Elisabeth Leseur led a life marked by challenges, including her husband’s loss of faith. After her untimely death, her husband’s discovery of her hidden spiritual writings led to his conversion. Here are some key facts to help you get to know this inspiring Servant of God, whose example can particularly inspire all those whose friends or family are not Catholic.
1. She was a strong-willed child with a ‘spirit of contradiction’.
Elisabeth was born in Paris in 1866, the eldest daughter in a wealthy family. She was a lively, strong-willed and intelligent girl who was only too aware of her faults, her ‘spirit of contradiction’, her unwillingness to admit when she was in the wrong and her tendency to being a tease; her brother Pierre was mostly the butt of her teasing and also of their quarrels.
2. She met her husband Félix at a soirée.
One evening, Elisabeth attended a soirée. Also, there was Félix Leseur, a young student doctor. The chemistry between the two was so immediate, so electric, that the whole room felt it. Elisabeth had just turned twenty-one and Félix was five years older. They found they had much in common, in their love for the arts and in travel. Their later engagement came to the delight of both their families, and they were married on 31st July 1889.
3. She was unable to have children.
Soon after the couple returned from their honeymoon, Elisabeth developed an abdominal abscess, which could lead to peritonitis, usually fatal at that time. She was bedridden for several months, and because of her internal problems the young couple were given the devastating news that Elisabeth would never be able to have children. This was an abiding sorrow for them both; Elisabeth came to terms with the loss in her own special way by lavishing her love on the children in her extended family and on the children she would meet in her work.
4. Her husband was an atheist.
Félix had confided in Elisabeth shortly before their marriage that he no longer believed in the Catholic faith. During his medical studies his faith had been undermined and then destroyed by the materialistic milieu of the university and the prevailing anti-clerical and anti-Catholic atmosphere by which he was surrounded. This had distressed Elisabeth greatly, but she had consented to their marriage on the assurance that he wouldn’t hinder her practice of her faith.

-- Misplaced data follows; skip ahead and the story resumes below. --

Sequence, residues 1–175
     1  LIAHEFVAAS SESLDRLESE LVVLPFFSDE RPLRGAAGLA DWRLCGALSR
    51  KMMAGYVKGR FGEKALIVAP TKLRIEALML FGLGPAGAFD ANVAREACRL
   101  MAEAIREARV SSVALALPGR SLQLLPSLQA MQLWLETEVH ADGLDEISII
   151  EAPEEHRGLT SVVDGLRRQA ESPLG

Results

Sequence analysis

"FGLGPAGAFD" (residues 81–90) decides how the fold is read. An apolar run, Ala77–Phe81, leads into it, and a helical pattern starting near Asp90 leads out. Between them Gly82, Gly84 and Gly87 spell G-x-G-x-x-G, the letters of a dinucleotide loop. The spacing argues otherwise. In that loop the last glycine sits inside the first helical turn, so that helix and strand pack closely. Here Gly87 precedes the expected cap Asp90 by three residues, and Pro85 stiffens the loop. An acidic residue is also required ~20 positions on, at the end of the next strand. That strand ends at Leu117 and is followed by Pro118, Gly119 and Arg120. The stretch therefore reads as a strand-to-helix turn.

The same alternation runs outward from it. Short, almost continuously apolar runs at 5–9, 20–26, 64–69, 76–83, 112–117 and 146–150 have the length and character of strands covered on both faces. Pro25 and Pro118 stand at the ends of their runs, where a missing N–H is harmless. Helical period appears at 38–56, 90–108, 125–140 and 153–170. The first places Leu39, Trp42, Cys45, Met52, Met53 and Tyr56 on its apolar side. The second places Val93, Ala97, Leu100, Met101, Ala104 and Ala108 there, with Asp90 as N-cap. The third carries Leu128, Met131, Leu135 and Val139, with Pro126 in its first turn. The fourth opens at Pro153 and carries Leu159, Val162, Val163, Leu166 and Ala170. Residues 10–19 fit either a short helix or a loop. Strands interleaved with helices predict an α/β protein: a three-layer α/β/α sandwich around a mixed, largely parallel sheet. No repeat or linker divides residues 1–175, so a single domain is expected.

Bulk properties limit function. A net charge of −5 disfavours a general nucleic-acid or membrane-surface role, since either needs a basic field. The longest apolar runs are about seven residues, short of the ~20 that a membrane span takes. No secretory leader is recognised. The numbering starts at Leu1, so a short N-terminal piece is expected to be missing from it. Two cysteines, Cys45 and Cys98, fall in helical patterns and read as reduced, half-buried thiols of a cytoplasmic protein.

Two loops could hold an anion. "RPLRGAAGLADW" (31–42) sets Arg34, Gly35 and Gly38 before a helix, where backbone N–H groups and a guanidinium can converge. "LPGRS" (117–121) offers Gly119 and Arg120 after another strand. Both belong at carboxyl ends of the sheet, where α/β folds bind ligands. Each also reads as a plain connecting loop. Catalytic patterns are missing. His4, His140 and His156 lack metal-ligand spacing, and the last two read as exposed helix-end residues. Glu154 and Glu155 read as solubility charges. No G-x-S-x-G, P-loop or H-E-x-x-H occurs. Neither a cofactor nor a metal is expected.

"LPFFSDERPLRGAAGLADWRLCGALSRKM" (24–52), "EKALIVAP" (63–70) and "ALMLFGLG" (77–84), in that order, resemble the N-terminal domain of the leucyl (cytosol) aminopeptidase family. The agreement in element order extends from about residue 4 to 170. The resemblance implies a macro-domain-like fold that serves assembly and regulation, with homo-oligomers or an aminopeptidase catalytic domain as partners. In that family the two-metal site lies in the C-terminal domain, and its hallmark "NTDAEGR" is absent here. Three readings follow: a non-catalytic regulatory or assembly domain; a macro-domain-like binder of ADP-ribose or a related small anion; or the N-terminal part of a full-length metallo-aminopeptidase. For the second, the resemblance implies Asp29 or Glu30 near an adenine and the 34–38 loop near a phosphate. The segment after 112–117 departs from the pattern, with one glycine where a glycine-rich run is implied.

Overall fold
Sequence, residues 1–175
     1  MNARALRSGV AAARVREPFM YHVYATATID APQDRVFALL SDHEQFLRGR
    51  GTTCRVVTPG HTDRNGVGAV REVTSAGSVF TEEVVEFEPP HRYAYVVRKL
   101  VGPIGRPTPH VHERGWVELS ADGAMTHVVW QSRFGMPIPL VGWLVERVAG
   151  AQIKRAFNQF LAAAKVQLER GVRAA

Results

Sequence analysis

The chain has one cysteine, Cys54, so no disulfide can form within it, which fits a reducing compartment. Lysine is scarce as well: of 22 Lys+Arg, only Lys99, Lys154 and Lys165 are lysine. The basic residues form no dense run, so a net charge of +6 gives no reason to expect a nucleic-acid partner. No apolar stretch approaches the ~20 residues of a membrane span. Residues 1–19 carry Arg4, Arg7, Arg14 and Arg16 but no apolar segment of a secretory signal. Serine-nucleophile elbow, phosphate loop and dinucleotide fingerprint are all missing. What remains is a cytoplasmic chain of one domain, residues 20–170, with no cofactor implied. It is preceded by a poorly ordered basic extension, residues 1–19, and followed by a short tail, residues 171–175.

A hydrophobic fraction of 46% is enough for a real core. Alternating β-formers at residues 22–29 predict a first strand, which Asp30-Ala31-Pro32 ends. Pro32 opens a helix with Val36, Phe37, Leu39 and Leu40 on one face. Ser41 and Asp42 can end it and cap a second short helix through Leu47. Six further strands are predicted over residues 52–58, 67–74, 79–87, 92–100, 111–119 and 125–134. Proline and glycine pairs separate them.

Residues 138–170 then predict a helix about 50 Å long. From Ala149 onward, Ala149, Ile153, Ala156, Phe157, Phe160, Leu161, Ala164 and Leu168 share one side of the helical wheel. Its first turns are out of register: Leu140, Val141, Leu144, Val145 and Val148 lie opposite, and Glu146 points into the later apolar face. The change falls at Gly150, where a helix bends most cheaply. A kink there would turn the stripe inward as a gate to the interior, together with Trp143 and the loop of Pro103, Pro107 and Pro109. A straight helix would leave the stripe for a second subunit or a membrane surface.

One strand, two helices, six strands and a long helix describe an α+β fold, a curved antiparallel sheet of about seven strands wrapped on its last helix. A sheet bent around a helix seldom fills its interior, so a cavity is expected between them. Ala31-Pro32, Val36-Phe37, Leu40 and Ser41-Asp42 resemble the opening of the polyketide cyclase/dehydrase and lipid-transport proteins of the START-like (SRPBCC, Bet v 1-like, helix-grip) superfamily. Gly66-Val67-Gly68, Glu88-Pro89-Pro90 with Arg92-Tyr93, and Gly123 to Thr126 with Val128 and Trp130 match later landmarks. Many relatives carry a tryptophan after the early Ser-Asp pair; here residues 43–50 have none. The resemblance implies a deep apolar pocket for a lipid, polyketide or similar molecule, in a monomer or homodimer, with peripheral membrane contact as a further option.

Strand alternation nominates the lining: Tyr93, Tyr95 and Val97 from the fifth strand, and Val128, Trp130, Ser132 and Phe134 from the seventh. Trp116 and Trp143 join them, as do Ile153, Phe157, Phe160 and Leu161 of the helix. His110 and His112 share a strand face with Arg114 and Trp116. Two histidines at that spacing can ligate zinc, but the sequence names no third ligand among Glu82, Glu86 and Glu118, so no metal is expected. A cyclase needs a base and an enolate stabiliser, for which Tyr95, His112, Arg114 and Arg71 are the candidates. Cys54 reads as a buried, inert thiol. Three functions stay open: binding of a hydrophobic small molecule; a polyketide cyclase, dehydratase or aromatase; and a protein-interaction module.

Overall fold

5. Her husband tried to destroy her faith.
Unfortunately, Félix went back on his promise to not hinder Elisabeth’s faith. Elisabeth became the object of his proselytising, but he found there was an easier way to detach his wife from her Christian roots. They both loved socialising, going to the theatre, art galleries and restaurants, enjoying the social round of their class. Unbelief and anti-clericalism were almost a given among many of those who came to their home. Elisabeth had almost no time to cultivate that inner silence in which she could pray and revive herself spiritually. It was with satisfaction, then, that from 1891, little by little, Félix noted that Elisabeth began losing the practice of prayer that had been so much a part of her from her childhood. As he wrote later: ‘The war that I waged against Elisabeth’s beliefs found very favourable ground in this chaos.’
6. Elisabeth found her faith again after reading two books hostile to Christianity.
Félix gave Elisabeth two books that he felt sure would destroy the last remnants of her faith. The Origins of Christianity would give her a revulsion of Christianity when she read its history, and the Life of Jesus, which was already causing great upset in Catholic circles, would expose the shaky credentials of the Gospels. Many were losing their faith, so Félix was confident that the same would happen to his wife. However, unsatisfied with the arguments made in these books, Elisabeth turned to the New Testament, at first to counter the arguments made, then to be overwhelmed by the beauty and truth of the Gospels. She rediscovered the person of Jesus Christ and would never again abandon him.
7. Her husband’s attacks on her faith helped her to find solitude with Christ.
When Félix realised that his plan had failed, he was furious, especially when he had thought victory had been assured. He therefore redoubled his criticism, his scorn, his assaults on the Catholic Faith and the Church. Elisabeth had to make something positive out of the loneliness and isolation within her soul; she accepted this loneliness and made of it a deep well in which she could plunge and find the presence of Christ, especially when surrounded by mockery and sarcasm.